That the people living near death camps knew is irrelevant.
It wasn't that they were going to post it on the Internet. You didn't know what was going in the nearby city, what was going in a God-forgotten village in Poland nobody knew.

It's possible that many Germans knew in 1944 but I would like to see good evidence of it.
Read the book and assess the evidence for yourself. When exactly the holocaust started is a matter of debate. Thousands of jews were executed in Russia in 1941 and the direction of travel was evident. Stargardt documents how, even without the internet, information about horrific and traumatic events was passed around.

User avatar
wm
Member
Posts: 6507
Joined: 29 Dec 2006 20:11
Location: Poland

Re: Nazi vs Neo-Nazi

Post by wm » 28 Feb 2021 19:49

The Holocaust was the genocide of European Jews. The decision to do that was made at the end of 1941.

As late as 1939 the Nazis supported orderly emigration of German Jews in cooperation with Jewish groups.
As late as 1940 Hitler and Himmler fully agreed that the best solution to the "Jewish problem" was emigration.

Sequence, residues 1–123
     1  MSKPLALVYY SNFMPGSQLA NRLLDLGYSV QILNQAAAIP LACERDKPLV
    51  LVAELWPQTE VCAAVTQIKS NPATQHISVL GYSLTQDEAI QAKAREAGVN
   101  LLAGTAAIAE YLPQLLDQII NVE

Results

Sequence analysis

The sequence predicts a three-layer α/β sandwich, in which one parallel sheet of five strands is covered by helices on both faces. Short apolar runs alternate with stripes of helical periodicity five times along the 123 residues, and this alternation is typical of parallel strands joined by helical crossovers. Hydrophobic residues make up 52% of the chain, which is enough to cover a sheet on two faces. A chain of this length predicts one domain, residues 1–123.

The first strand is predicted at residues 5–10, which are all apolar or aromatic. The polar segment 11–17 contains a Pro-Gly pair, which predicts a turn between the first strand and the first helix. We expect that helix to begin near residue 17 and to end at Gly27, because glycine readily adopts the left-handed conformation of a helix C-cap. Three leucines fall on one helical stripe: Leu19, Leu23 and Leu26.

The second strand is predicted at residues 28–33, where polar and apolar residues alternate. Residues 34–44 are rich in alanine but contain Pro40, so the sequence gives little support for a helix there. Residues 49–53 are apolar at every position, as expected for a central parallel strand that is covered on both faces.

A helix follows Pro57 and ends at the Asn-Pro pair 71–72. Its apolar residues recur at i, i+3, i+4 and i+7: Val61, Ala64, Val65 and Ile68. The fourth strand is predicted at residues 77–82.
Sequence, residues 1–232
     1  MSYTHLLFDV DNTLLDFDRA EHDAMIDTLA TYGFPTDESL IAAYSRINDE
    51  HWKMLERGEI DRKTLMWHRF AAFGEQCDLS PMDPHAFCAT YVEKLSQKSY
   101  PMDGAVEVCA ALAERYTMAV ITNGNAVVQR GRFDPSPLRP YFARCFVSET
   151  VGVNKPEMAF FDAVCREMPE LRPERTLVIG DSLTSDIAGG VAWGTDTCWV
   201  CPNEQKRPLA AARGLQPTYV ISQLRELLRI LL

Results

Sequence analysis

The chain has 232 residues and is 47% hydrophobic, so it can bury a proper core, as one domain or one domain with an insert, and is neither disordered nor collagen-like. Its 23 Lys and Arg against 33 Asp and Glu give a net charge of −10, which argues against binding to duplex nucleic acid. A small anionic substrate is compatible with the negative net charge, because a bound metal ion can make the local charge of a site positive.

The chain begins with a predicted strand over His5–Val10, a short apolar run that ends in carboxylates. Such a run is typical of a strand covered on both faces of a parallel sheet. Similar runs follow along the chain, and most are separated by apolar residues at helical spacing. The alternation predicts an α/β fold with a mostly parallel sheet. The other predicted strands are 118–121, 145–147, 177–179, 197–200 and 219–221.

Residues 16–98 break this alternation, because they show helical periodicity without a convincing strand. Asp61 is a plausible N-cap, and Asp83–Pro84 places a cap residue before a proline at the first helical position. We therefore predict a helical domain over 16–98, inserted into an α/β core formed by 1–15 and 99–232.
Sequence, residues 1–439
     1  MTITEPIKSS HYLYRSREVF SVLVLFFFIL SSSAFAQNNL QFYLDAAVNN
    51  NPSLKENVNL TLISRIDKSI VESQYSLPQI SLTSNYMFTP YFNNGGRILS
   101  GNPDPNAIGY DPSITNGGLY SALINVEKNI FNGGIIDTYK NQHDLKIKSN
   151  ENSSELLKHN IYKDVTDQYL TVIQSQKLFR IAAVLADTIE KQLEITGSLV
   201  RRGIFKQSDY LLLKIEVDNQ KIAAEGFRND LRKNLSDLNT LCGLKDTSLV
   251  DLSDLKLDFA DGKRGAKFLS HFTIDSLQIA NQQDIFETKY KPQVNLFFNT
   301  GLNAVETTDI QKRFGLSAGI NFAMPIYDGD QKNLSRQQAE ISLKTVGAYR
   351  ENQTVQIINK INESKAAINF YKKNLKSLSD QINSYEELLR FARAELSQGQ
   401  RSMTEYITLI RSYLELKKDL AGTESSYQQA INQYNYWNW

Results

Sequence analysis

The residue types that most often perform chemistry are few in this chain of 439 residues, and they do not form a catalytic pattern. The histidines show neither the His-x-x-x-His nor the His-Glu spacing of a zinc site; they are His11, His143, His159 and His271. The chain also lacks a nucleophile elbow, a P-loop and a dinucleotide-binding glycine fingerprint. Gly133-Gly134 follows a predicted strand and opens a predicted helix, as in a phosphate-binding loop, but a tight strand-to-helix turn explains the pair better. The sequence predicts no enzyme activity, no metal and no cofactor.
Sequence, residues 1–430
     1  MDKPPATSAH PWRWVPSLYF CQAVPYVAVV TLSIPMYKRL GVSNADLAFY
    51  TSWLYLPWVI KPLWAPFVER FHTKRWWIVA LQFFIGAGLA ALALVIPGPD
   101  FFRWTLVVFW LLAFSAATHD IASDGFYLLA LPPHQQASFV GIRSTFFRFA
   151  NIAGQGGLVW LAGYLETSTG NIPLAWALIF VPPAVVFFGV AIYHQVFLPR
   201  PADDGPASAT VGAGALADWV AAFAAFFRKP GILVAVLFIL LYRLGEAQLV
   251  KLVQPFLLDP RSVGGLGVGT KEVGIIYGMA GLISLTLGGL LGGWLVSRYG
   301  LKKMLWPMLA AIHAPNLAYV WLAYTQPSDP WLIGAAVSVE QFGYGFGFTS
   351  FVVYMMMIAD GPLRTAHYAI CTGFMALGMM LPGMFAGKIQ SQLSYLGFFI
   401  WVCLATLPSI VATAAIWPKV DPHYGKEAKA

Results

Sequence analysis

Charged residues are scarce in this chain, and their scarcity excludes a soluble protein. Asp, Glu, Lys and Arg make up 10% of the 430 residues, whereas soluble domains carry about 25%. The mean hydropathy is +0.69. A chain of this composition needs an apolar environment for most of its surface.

As late as 1941 the Jews in occupied Poland were able to receive food packages and money from the US and the USSR - and were able to emigrate to Palestine.
In 1941 Jews, Soviet commissars, ordinary Soviets were killed for security reasons.
Since the end of 1941, the Jews were killed because it was the Holocaust.

ljadw
Member
Posts: 12170
Joined: 13 Jul 2009 17:50

Re: Nazi vs Neo-Nazi

Post by ljadw » 28 Feb 2021 20:58

wm wrote:
28 Feb 2021 17:42
ljadw wrote:
28 Feb 2021 17:16
3 That Mein Kampf was openly anti-Jewish : Mein Kampf was a collection of pub talk .
Of course Mein Kampf is openly anti-Jewish and even more, in the paranoid, the Protocols of the Elders of Zion sense. But there are no gas chambers or executions there.
The Jews were political opponents that had to be defeated.
The biggest enemies were the politicians who signed the Diktat of Versailles .

ljadw
Member
Posts: 12170
Joined: 13 Jul 2009 17:50

Re: Nazi vs Neo-Nazi

Post by ljadw » 28 Feb 2021 21:05

Hitler was an orator, not a writer : MK was the collection of the speeches he had done in pubs . It was not a book where he wrote his program . He did not write in MK that when he became dictator,he would expel all Jews from Germany .Besides: most of his supporters did not read MK.They knew what was in MK. How? By listening to Hitler's speeches .

ljadw
Member
Posts: 12170